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Real Business : Issue 2 2009
MEMBER PROFILE the Australasian operations, he has a similar country controller he can call on for advice.) He says the emerging-market countries often had by terrorists with machine guns. Th irty-fi ve people were killed and more than 160 injured. “We were 200 metres away from 220 kilos of plastic explosives. It destroyed a third of the compound,” he recounts sombrely. “When the bomb went off , we had no idea what was happening. It was one of those moments in your life where you learn a huge amount about yourself and how you react in diff erent situations,” says David, who subsequently took on, and was commended for, work that wasn’t exactly in the job description. “My job moved from being less of the CFO to making sure people feel comfortable in the environment to do their job. We had more than 100 families working for Ericsson at the time. I had to sit down with some people and have a discussion about whether this was still right for them. So, it was not what you call your traditional fi nance role.” Th en, in 2005, the head offi ce in Stockholm called and he knew he was going places. He was to work for LM Ericsson, the listed parent, which only employs around 300 people but owns the operative arm, Ericsson AB, which has more than 20,000 employees. David was one of 10 fi nance professionals in his team – the youngest by 15 years and the only non-Swede. “As a non-Swede in the corporate headquarters, I was amazed that people would actually listen to me but then I realised they were just being polite,” he jokes. He says that some of the best bosses he has ever had were in Sweden. “Th ey gave you enough rope to hang yourself but would step in before you actually did it.” His role was as a sounding board for CFOs in 18 Ericsson subsidiaries as diverse as Kazakhstan, Italy, Japan, Moldova, Egypt, Ethiopia and South Korea. He recounts the joys of sitting in Khartoum Airport in Sudan at 4 am, waiting for the next fl ight to Addis Ababa in Ethiopia, explaining his job was to cross-pollinate knowledge through these subsidiaries. He used his Middle East experience to assist colleagues in the North African markets and learned much from CFOs in more developed markets such as Japan, South Korea and Sweden. (As CFO of cpacareers.com.au a lot to teach more developed countries about how technology can be used. “Th ere’s a certain openness to new ways of working that you don’t get in the developed markets. So you can look at bringing some of those creative ways of doing business into the developed world,” he explains. While the technology innovation comes from Sweden, David says you can’t control how people use the technology. “It’s local and depends on the compelling events in that country. Th e way people use mobile phones in Africa, Italy, Australia and the Middle East are all diff erent,” he says, citing short dialling – where users send messages through the number of times they let the phone ring before hanging up – as one of the diff erences he’s encountered. David believes the fi nance job is easier if you have a fundamental interest in your industry. “I’m one of these fi nance people that believe if you understand the business, the numbers will make sense. You can’t look at the numbers and believe they will explain the business,” he says. Another of his roles involved determining what future Ericsson fi nance professionals would be like. “We discovered we had as many fi nance people as salespeople and wondered how that could be. Th en we started to look at how experienced fi nance professionals could work with “I WAS ENCOURAGED TO DO CPA PROGRAM. OUR HR DIRECTOR CALLS IT ‘A TICKET TO THE GAME’.” “One of the joys of my job was going to the countries and asking: ‘What’s diff erent about mobile technology here?’ You get to see amazing stuff . People use mobile phones very diff erently if they’ve not grown up with a fi xed line phone, for example.” David is quite the technology enthusiast, listing computing and technology, along with scuba diving, on his resume. “I’m a horrible early adopter,” he grimaces. “My house is full of gadgets that I’ve paid top price for, because I want to be one of the fi rst to buy them. For me, working here is like working in a toy shop.” Th e greatest change he has seen in the industry is the ability to work anytime, anywhere and talk to distant colleagues via email. “A month ago, I was in a town 1200 km north of Perth and I was able to read emails and share information with colleagues in Sweden via mobile broadband as if I were sitting in my offi ce.” salespeople, project managers and engineers to be business enablers. “Going in to our customers today, we like to present ourselves as having a point of diff erence. We are a company of fi nancial strength and have more than US$4 billion in net cash to call on. Our customers’ purchasing habits are driven by their CFOs so if they can have fi nancial conversations with us that adds a point of diff erence,” he explains. Being commercially savvy has become key to many fi nance roles in Ericsson. “When I’m looking to recruit people, I’m looking for breadth and potential to step into the commercial space,” says David. David Spong talks about unlocking potential and the value of international experience. 31 30-31_CPAProfile.Video_RB907.ind31 31 30-31_CPAProfile.Video_RB907.ind31 31 OK WITH CORRECTIONS DESIGN EDITORIAL PUBLISHER CLIENT By signing your initials in the space provided you are either approving this layout or authorising the listed changes. CORRECTIONS TO MAKE DATE OK DESIGN EDITORIAL PUBLISHER CLIENT ADVERTISING 16/07/2009 11:07:22 AM 16/07/2009 11:07:22 AM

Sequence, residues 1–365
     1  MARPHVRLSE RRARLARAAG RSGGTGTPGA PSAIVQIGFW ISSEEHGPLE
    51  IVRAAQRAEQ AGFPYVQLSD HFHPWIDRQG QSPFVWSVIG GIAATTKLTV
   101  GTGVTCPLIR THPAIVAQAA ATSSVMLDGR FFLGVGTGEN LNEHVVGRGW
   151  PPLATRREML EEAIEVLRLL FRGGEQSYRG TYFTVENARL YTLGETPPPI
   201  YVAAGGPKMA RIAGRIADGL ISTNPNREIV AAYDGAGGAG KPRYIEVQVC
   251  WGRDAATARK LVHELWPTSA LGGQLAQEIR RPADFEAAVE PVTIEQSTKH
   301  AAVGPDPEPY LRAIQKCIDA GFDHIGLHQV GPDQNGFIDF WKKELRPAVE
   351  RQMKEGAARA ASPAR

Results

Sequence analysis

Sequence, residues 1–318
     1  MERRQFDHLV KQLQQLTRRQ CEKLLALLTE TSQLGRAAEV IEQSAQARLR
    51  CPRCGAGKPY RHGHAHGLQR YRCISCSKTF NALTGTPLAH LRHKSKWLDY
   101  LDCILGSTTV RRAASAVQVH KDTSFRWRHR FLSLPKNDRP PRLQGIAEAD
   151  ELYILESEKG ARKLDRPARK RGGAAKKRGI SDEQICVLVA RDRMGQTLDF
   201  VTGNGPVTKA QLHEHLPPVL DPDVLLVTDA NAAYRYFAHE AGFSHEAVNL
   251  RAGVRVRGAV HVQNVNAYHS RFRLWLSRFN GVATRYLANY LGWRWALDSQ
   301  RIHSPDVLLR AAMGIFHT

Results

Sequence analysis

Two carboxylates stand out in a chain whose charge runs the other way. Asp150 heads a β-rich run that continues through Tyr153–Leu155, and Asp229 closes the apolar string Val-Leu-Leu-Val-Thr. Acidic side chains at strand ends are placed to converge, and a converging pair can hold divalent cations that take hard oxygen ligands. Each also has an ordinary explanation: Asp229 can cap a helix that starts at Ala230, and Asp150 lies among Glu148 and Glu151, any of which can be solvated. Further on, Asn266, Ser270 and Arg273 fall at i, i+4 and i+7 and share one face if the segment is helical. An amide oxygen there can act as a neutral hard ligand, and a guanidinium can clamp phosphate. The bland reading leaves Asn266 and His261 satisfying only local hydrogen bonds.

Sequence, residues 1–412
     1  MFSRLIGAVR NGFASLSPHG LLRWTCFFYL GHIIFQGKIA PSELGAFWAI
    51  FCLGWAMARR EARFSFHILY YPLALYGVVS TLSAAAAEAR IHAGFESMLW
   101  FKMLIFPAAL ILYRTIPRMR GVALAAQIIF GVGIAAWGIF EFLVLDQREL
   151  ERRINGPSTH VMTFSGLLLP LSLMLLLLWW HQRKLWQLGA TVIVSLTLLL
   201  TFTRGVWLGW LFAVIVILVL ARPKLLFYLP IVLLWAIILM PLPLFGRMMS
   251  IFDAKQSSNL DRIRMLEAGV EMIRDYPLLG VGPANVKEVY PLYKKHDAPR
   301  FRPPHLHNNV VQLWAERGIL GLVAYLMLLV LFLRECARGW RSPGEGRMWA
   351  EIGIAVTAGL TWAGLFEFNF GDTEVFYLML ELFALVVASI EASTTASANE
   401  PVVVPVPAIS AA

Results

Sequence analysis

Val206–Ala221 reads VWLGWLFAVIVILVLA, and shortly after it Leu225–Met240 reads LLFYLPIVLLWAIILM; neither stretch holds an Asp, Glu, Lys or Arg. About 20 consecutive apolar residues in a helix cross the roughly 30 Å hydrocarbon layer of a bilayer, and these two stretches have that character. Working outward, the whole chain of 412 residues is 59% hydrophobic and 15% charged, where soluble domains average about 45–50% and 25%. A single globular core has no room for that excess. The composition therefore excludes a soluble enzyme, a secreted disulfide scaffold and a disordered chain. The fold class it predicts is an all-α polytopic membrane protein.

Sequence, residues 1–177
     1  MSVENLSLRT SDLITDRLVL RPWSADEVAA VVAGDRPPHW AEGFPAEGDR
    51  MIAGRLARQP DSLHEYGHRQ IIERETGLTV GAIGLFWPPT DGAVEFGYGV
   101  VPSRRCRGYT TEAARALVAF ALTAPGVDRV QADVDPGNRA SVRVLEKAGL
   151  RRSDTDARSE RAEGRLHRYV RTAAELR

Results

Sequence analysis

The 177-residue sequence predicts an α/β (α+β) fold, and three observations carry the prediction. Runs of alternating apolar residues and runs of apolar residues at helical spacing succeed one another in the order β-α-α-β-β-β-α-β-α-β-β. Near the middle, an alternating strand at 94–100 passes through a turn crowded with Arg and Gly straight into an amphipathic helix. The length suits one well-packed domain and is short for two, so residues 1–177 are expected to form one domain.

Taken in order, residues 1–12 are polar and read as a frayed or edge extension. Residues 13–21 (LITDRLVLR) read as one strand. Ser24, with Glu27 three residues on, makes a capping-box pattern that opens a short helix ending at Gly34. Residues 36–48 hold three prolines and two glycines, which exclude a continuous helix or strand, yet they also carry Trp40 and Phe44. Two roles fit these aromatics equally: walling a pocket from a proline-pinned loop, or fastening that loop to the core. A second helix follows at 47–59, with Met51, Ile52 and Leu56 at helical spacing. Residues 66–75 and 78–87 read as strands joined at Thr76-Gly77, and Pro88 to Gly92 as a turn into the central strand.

Issue 1 2009
Issue 1 2010